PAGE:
Standard practice would be that if I provide a vmhostname in the powershell code: "New-VM -Name $vmhostname -Template $mySourceTemplate...." then the VM will get created as say 'server1' with the hostname 'server1'.

So VM was deployed, joined to the domain (as 'server1') with just the C:\ drive, windows updates deployed.

After the updates where deployed, I renamed the VM , adding a suffix  '-sccm' suffix to the VM name. (We add a suffix so others can quickly see what the VM does, given we've a lot of VMs). I then added the disk to the VM (I don't think I actually powered down the VM when I did the rename & disk addition).

I then added some windows features and SCCM roles to the sever - which added content to the second (d:\) disk.  I then rebooted the VM and discovered the missing OS scenario.

The C:\ disk (disk 0:0) had the file name 'vmname.vmdk' and when I checked this morning (prior to disconnecting the disk) the D:\ disk (0:1) was called 'vmname-sccm.vmdk'  (i.e. it got the filename with the new name suffix added and not 'vmname_1.vmdk' which is what I've seen with other VMs).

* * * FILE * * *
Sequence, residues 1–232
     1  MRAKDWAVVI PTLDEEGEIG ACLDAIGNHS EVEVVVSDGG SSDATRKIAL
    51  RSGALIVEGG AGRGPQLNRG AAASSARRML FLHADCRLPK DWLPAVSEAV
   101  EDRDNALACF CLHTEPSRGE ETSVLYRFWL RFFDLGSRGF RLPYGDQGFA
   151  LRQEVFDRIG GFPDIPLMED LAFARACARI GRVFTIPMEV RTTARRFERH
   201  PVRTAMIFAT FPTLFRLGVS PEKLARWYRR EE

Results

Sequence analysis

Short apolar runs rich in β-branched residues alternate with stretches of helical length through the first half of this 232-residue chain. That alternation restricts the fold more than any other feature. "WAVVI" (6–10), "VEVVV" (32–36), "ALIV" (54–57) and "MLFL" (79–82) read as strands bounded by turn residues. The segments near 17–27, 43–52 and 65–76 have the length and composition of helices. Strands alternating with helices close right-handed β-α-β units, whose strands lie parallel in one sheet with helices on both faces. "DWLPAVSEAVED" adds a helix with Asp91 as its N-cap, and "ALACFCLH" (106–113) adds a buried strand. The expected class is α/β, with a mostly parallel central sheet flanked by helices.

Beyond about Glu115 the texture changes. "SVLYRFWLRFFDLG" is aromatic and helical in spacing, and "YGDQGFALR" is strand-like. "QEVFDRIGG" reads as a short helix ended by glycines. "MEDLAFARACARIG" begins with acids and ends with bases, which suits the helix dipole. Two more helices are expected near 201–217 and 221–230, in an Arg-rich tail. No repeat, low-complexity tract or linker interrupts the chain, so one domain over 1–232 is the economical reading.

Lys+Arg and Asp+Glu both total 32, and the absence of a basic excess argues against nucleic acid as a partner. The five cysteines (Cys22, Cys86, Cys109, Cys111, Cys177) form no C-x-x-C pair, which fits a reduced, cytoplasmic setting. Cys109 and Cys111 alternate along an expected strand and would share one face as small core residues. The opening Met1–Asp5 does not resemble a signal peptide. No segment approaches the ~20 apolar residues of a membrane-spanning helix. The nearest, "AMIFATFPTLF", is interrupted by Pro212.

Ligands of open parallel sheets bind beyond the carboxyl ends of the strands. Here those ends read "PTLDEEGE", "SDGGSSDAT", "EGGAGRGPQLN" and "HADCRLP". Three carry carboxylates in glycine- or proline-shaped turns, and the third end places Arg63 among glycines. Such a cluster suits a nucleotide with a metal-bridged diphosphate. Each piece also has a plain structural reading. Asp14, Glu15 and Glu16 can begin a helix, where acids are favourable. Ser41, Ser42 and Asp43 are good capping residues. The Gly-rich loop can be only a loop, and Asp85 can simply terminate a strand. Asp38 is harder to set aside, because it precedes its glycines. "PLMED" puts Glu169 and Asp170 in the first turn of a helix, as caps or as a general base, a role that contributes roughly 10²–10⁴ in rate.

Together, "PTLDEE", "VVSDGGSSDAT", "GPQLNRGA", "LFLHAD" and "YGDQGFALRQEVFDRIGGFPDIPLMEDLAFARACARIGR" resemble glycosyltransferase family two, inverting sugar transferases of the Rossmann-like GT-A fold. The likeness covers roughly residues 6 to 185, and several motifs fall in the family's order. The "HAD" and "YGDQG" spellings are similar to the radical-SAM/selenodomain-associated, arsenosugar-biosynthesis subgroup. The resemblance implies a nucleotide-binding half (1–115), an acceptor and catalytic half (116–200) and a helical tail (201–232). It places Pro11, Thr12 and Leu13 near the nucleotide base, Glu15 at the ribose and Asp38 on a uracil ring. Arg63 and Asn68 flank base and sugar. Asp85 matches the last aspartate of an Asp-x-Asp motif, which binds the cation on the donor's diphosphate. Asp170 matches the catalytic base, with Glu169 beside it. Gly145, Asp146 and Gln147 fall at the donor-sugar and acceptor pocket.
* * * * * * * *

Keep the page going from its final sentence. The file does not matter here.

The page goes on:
So I wonder is there some code/function that assumes the 0:0 disk is the vmdk file which has the name which matches the vmname

(i.e. as I'd changed the vm name to 'server1-sccm' and there was a disk present called 'server1-sccm.vmdk' that it assumed that this was disk 0:0)

This morning I powered down the VM, disconnected the 😧 disk (after my first attempt to add didn't work), I then renamed the disk to servername_1.vmdk (and did the same for the '-ctk.vmdk' file (not sure if i needed to do that).. and powered up the VM with just the C: drive, then added the second disk (which I'd renamed) , made sure that windows disk manager was showing C: as the boot disk, and rebooted the host.. bingo, back in business !

View solution in original post

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deasyp
Enthusiast
Enthusiast

Thanks for the feedback.. I had checked a similar compatibility guide, and assumed it was, but having run into bit of a unique scenario (explained in the other response) I wasn't sure if the fact I was deploying server 2019 as a server 2016 VM that I make have found something that wasn't supported..